I work in two areas. My longstanding research interests are in computer networking with a focus on application and network-layer services. My more recent research is in computing and its role in addressing pressing social problem. For international work this area is called ICTD (D=Development). I led the e-democracy VIP team; this photo is undergrads Paul Wilson and Trey Washington in Buenos Aires for the Fall 2015 presidential run-off election.
I teach at the undergraduate and graduate level, in computer networking (CS 3251), computing for social good (CS 4911/6150) and technology and sustainable community development (SLS 3110). This photo is members of the Spring 2016 pilot offering of the technology and sustainable communities course.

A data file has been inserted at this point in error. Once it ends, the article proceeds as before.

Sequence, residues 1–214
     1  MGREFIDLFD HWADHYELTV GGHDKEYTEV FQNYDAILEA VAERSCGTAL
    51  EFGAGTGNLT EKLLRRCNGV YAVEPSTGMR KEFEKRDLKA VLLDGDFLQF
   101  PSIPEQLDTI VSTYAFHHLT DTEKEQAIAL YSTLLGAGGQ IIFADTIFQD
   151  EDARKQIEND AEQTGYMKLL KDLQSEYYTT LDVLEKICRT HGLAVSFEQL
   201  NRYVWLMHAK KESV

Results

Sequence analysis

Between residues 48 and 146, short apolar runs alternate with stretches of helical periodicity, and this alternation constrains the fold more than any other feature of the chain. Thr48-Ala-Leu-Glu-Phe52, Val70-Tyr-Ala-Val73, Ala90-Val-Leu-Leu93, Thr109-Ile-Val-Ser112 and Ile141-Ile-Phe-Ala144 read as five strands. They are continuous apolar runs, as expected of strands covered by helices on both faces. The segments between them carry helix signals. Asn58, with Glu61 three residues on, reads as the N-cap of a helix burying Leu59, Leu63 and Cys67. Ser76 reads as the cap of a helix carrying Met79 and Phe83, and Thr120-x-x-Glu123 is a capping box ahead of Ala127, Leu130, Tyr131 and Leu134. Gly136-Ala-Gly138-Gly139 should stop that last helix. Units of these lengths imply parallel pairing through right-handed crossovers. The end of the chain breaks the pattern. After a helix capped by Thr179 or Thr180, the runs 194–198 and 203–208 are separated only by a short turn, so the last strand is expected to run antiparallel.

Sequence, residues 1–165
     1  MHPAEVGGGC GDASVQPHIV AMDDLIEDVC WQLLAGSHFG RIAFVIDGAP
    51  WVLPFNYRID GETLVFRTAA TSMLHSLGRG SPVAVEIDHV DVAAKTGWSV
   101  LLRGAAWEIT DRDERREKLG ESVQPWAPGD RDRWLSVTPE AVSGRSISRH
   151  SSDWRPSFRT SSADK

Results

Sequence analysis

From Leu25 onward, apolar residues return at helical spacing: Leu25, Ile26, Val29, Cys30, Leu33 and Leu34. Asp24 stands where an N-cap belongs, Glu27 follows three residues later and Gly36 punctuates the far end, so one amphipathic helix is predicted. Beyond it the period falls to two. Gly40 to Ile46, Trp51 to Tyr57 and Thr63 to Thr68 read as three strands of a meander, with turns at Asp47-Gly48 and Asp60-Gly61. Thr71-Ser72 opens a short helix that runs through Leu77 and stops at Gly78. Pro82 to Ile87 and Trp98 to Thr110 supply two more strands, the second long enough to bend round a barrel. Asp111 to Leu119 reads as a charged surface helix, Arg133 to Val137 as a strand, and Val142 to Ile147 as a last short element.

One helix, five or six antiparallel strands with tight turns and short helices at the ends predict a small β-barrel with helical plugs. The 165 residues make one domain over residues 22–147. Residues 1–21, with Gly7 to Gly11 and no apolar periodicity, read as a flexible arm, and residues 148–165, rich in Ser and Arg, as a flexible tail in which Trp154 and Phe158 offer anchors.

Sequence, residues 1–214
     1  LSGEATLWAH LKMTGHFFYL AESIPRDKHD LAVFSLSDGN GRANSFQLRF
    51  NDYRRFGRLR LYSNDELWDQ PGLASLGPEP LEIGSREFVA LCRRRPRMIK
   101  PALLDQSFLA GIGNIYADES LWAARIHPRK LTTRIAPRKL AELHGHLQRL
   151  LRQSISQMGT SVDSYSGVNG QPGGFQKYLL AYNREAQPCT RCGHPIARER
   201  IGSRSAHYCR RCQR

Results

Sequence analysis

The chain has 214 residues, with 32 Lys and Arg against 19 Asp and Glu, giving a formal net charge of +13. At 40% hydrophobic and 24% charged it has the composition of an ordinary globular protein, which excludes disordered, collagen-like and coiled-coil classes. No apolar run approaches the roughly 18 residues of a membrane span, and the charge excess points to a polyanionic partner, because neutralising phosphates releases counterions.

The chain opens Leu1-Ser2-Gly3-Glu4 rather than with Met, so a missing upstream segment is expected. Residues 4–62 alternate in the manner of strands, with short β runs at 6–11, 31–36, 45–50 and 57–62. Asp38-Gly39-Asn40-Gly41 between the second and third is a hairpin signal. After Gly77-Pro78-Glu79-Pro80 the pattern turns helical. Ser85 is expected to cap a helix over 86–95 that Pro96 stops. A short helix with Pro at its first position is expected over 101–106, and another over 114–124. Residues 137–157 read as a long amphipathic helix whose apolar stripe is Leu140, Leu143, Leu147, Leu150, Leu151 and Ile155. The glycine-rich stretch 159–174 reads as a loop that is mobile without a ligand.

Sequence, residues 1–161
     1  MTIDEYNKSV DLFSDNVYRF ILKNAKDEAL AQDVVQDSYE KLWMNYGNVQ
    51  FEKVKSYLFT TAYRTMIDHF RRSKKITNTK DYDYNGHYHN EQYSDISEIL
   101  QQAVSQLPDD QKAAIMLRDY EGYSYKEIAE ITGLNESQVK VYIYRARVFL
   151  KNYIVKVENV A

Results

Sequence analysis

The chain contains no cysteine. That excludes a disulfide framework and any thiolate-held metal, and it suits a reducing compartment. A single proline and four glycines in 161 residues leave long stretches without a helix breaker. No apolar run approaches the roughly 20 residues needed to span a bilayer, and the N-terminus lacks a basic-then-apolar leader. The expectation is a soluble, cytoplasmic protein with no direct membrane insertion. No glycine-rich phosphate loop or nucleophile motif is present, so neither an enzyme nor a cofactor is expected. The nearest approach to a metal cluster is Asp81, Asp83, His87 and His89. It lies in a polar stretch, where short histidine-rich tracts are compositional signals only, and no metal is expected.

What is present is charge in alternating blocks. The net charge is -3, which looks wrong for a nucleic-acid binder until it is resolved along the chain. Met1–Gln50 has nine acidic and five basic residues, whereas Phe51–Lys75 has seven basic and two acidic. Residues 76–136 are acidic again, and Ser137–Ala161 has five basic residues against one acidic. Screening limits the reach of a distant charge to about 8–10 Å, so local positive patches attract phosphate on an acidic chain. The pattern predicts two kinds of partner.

My first publication was in the ICCD conference in 1988 and concerned parallel simulated annealing. I did this work as my MS thesis where I developed algorithms and programmed an nCUBE hypercube parallel machine. My students all learn to decipher my handwriting!